How to Get Hired to Teach English Abroad: 5 Quick Tips
Job searching can be an overwhelming task, especially in a foreign country. Those of you who have are currently taking or have just finished your TEFL certification course may wonder: How is job searching different abroad? What are TEFL schools looking for in prospective teachers? What can I do to set myself apart from the competition? In short, what can I do to teach English abroad?
Well get ready, because I’ve got 5 quick tips to help you get your dream job to teach English abroad:
1. Teach English Abroad: It’s never too early to put out feelers!
English schools get lots of applicants, but you want them to remember you. To make sure they do, start your search early— contact schools during or even before your TEFL course. Send inquiry emails to school directors (by name!), briefly introducing yourself and asking about openings. Follow up with a phone call asking for an interview. This will help you stand out when you apply for a job to teach English abroad.
2. Teach English Abroad: Write a rockin’ resume.
Once you’ve completed your course, you’re ready to send your shiny new resume to employers to teach English abroad. Here are some points in mind:
- Give your TEFL credentials top billing! This is a teaching resume, so the first thing employers should see is that you are certified to teach English abroad. If you earned your TEFL onsite, (not online), make that distinction. You’ve earned it!
- Include a Skype or MSN chat ID in your contact info. This makes you more accessible and also shows you are technology-savvy.
- Don’t be surprised if you’re asked to include a photo. This is standard practice for many schools looking for qualified people to teach English abroad. Choose a professional-looking headshot with a friendly smile.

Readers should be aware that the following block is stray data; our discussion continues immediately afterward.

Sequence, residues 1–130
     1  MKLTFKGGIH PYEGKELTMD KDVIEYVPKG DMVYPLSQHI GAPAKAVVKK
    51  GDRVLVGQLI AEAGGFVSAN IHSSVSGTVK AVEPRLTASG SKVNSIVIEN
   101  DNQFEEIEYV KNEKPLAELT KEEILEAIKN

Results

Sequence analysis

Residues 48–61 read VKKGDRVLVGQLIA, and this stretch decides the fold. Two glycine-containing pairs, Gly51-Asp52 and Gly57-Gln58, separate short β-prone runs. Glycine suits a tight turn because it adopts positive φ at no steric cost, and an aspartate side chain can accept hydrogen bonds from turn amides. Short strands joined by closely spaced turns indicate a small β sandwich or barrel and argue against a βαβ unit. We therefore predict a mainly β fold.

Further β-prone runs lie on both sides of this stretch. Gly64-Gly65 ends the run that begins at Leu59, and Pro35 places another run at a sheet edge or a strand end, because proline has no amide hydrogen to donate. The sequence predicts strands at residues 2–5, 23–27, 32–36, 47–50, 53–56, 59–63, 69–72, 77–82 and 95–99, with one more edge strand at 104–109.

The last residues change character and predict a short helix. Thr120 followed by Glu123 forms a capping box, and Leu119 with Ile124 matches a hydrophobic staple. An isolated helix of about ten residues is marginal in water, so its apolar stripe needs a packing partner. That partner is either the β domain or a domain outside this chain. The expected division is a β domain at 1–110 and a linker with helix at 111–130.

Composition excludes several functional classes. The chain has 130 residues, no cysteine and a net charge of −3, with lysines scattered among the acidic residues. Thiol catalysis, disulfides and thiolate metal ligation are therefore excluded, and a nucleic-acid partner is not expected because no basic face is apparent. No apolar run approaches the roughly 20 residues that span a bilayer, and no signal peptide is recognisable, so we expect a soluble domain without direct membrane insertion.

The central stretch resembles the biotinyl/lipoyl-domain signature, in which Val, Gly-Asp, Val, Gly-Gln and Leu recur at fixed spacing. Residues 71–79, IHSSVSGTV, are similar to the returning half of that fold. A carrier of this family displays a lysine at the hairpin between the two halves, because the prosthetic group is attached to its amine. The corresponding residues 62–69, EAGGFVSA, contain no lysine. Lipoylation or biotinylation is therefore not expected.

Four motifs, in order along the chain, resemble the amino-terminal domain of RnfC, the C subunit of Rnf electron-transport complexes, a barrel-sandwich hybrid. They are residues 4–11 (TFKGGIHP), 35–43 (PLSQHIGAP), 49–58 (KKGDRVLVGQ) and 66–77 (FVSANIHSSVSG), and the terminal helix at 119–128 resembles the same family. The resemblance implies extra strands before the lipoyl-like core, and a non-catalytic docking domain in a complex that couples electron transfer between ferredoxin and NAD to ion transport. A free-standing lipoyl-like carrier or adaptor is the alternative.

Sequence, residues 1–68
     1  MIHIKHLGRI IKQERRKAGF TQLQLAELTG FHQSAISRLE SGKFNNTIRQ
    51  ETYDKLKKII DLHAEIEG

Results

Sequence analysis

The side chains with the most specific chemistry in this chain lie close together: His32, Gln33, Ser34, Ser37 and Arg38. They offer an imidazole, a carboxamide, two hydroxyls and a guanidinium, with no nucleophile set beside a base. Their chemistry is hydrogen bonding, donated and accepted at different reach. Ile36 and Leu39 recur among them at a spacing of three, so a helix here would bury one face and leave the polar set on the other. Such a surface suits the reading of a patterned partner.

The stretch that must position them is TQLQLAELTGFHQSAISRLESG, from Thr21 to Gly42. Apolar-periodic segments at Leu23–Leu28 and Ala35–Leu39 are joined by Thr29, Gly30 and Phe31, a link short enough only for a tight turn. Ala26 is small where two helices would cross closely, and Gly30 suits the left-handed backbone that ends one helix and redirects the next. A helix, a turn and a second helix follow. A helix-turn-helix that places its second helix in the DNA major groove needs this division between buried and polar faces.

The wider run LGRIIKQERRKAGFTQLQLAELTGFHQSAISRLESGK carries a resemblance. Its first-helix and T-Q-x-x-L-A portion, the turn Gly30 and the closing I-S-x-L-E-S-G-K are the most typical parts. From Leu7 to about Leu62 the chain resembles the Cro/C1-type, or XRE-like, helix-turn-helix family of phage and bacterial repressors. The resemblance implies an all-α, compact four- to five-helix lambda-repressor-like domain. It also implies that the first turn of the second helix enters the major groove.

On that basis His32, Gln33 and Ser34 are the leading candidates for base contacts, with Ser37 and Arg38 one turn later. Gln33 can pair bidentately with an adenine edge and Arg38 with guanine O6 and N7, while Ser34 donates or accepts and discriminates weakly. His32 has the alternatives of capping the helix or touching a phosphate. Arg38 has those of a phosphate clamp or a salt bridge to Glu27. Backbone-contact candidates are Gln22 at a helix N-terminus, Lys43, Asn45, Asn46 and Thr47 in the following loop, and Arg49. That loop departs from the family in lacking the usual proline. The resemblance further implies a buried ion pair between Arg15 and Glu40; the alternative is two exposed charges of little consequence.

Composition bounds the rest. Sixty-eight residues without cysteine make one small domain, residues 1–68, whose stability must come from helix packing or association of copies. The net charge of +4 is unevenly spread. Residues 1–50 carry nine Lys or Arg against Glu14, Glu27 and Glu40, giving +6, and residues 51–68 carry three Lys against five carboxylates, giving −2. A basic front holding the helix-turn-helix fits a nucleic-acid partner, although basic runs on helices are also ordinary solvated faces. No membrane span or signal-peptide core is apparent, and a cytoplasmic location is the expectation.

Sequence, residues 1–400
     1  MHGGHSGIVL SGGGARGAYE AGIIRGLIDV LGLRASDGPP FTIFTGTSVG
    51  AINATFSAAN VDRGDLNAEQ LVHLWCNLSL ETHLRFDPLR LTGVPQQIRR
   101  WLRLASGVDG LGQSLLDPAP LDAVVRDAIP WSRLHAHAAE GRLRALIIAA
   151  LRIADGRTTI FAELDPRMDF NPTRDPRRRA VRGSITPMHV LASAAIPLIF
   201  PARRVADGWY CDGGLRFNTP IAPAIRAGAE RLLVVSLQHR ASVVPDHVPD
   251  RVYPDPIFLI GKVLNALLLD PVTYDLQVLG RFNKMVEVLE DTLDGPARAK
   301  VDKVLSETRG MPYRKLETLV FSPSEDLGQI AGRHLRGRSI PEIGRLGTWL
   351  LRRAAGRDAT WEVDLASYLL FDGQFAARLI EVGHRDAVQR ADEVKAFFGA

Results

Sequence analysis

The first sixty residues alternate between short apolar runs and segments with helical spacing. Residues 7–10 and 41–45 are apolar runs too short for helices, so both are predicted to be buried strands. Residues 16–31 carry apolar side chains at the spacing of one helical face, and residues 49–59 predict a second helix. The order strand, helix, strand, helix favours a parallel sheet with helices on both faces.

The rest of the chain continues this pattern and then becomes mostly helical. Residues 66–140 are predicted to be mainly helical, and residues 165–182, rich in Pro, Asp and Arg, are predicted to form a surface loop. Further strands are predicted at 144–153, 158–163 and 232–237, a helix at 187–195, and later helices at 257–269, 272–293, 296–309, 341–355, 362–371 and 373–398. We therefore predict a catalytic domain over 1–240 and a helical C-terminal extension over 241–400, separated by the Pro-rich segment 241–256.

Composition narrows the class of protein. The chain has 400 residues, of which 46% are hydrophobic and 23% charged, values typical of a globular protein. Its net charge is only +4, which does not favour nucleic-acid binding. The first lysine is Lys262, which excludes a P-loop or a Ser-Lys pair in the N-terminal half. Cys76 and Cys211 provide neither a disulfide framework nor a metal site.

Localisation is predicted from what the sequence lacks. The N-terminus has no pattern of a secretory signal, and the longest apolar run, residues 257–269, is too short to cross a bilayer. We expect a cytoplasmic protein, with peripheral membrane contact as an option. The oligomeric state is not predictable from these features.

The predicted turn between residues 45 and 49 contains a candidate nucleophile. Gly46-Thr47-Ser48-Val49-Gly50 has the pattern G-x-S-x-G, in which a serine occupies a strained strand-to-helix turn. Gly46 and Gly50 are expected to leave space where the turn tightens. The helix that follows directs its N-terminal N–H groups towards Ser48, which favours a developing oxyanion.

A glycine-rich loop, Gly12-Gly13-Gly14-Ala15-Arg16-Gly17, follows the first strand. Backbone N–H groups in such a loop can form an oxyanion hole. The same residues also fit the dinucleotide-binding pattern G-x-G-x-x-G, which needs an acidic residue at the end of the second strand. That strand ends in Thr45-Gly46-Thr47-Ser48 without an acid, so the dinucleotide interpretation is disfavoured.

3. Teach English Abroad: Knock on doors.
In many countries, face-to-face inquiries are the best way to get hired. If you can schedule an interview, great. But if not, don’t hesitate to stop by the school, resume in-hand, and ask to speak to the director! Often they’ll interview you (or hire you!) on-the-spot.
4. Teach English Abroad: Make a professional first impression.
Whether pounding the pavement in Prague, or interviewing at a school on the beaches of Costa Rica, use your appearance as a chance to impress. Skip the jeans, sandals and t-shirts! Imagine yourself teaching corporate English to CEOs— and dress the part.
5. Teach English Abroad: Let your personality shine through.
Is your resume a bit skimpy? Don’t worry, what you lack in experience, you can make up for in charisma. So much of teaching English as a second language is about engaging students in a fun way. Show the employer that you’re outgoing and energetic, and you’ll be someone they can imagine inspiring students to learn!
Following these steps will help you fulfill your dream to teach English abroad.